They say history goes in cycles. They say those who do not learn from the past are doomed to repeat it. Just the other day, someone on here was talking about how the more things change, the more they stay the same. Word is that the new Zero video feels like a tepid rehash of an old Zero video, but thanks to Peter Sidlauskas, we won’t have to watch the new Zero video.
In case you crawled under a rock in the early hours of Thursday morning and are just joining us… Supreme released Candyland, a new full-length video in honor of their new S.F. shop. Spent the weekend thinking what exactly to write about it, but it feels like a certain switch inward heel is the perfect writers prompt. #staytuned.
Skate videos have long been a portal for musical discovery. Except in recent years, it has began to almost feel like …filler. If one editor finds success with an untapped genre or artist, there is always an avalanche of imitators. If you find that “how has nobody skated to this?!”-song, the answer to your question is often “someone has, it was just in some video you missed.” And a popular song? Forget it, it has been in twenty kids’ IG edits since the day it got uploaded to YouTube.
(Don’t even start with the dude editing his “Trip to N.Y.C!” video to Big L right now.)
Choosing a song that makes an impact, and gets people tracking it down is hard when our attention spans are their fickle 2019 selves. We reached out to five people who routinely put out edits (i.e. not the guys dropping one full-length every few years) to get their thoughts on how the process of selecting music in skate videos has evolved.
Between IG stories and “raw file” clips, there aren’t too many curated destinations for B-roll in 2019. An enterprising few will participate in skateboard fantasy sports and make remixes out of those loosies, but even those are running scarce these days. In this attention economy, asking somebody to watch the same footage twice is A LOT. (Jk, peep the remix that we posted last week.)
Bert’s Vid is a 35-minute bro cam video by Justin Helmkamp documenting much of the toil behind Quasi’s Mother and Bronze’s It’s Time videos (there are a couple No Idea bits in there too, too.) Yeah, there are a handful of shots of dudes following with an HXV, but there’s also footage of the warm-up tricks, the pre-sessions at Borough Hall, and the interludes spent around the corner at some shittier spot while you’re waiting for security to go back inside.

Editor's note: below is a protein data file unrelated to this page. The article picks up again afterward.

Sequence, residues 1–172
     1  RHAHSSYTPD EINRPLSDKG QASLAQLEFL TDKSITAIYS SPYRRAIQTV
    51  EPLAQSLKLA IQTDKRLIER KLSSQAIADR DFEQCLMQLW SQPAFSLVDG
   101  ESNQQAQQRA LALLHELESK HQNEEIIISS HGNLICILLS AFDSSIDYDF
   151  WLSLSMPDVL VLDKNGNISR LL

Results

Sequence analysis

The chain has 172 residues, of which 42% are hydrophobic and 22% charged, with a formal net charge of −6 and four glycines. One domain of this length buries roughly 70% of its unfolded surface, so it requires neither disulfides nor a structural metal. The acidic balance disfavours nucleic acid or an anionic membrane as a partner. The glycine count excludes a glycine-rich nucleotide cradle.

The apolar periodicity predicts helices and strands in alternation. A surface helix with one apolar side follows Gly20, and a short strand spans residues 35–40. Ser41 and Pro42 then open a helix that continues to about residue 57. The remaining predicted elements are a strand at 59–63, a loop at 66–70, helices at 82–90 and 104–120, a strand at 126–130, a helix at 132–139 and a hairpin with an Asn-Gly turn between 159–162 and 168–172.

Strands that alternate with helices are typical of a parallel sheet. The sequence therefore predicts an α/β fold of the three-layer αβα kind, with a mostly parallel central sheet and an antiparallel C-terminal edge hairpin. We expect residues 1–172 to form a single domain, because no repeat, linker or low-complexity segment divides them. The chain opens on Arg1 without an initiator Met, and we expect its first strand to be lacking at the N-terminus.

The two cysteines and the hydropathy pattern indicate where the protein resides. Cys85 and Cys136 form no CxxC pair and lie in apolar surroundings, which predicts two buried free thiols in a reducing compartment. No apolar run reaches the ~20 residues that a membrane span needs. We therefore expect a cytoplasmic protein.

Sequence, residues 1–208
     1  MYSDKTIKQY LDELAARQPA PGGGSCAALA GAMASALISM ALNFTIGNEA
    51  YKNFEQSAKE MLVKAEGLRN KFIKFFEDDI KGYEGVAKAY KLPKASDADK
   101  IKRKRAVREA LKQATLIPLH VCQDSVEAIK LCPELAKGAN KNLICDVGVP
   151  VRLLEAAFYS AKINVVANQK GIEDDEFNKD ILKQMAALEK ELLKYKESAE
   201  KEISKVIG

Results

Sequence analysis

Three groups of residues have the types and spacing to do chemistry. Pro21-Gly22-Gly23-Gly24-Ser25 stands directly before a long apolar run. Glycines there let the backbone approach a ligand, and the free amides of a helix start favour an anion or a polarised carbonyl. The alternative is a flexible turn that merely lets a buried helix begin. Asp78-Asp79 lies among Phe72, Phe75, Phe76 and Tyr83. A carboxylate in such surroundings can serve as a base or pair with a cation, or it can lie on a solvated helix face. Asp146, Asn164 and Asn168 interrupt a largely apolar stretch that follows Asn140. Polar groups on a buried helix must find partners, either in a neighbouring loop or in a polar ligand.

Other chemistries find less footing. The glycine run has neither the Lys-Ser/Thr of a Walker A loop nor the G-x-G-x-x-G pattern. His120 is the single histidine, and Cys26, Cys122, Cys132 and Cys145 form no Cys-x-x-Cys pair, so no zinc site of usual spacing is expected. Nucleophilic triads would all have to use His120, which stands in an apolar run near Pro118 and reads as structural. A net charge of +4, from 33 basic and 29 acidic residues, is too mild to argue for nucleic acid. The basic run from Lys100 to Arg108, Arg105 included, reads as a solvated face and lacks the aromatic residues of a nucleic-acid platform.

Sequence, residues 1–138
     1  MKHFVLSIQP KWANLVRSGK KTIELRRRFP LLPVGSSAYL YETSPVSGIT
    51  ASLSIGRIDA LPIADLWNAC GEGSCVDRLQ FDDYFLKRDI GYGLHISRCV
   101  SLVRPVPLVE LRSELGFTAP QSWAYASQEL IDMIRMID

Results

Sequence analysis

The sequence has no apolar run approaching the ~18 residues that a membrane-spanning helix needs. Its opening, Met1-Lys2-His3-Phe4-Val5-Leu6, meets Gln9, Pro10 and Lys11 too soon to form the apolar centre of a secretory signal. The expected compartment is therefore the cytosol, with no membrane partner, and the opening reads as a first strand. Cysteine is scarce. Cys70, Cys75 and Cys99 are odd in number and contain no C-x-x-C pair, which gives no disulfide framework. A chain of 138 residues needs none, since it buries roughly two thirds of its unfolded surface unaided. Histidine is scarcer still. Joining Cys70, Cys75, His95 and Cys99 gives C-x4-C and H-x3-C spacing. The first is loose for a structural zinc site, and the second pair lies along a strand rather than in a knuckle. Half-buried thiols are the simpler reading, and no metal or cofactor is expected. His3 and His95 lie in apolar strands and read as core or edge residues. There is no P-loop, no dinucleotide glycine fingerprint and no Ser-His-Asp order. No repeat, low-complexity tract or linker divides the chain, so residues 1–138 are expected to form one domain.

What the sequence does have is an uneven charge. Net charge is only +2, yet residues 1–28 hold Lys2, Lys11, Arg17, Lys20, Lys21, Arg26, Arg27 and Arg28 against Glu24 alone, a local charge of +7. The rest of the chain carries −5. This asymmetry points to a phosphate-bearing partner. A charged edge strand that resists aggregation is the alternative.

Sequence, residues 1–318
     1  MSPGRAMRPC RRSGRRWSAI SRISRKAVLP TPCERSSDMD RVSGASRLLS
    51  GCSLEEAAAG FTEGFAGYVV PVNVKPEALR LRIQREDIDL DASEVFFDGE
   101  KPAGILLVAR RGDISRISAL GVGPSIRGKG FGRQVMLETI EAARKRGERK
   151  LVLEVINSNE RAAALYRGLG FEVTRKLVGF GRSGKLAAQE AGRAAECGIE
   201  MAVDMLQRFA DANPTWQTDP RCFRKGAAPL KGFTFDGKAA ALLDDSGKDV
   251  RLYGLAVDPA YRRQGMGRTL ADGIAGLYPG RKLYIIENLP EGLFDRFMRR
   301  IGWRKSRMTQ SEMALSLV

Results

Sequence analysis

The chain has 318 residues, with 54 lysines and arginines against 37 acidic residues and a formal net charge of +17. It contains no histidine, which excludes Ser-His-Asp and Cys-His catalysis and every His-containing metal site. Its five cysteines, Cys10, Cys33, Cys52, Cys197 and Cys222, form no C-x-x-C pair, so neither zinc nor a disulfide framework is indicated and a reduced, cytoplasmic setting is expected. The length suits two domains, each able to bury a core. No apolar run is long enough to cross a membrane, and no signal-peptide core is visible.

Features E.J. and pretty much everyone you’ve ever seen in Bronze or Quasi video.
And if you play a Bert’s Vid drinking game where you take a shot every time that Chachi gives you the middle finger, you’d probably be …mildly buzzed — though not totally tanked ;)
Doubtful that anybody hasn’t watched it through at least once by now — Sour Solution II is fucking insane. Their first video was nuts, but they entered some new dimension of spots and sorcery with this one. Also, this video makes the whole “Barcelona footage is boring”-thing that people have been saying as of late just seem stupid. Then again, these ten guys are maybe the only ten guys who can skate the spots they skate ¯\_(ツ)_/¯
“Play – Part 2” is an iPhone video by Mateo deJesus featuring Marcello + a few of the Canal dudes, and really makes you happy to remember there’s this thing called summer that happens eventually. Can’t remember the last time anyone had footage from 3030 Park since they half-remodeled it either.
Late to mention here, and it is more symbolic than anything, but Enid’s will be closing down at the end of March. It was the final North Brooklyn Barmuda Triangle institution still standing (Enid’s x No Name x Matchless), which aborted many day-after skate sessions before they even got started throughout the late-2000s and early-2010s. Its throne is now drunkenly held by the Bushwick Barmuda Triangle consisting of Carmelo’s x Birdy’s x Three Diamond Door. Shout out to that time Pryce and Waste held an Enid’s Christmas raffle with a chance to win a TV, and Marty won because he spent more on drinks than the TV itself costs ♥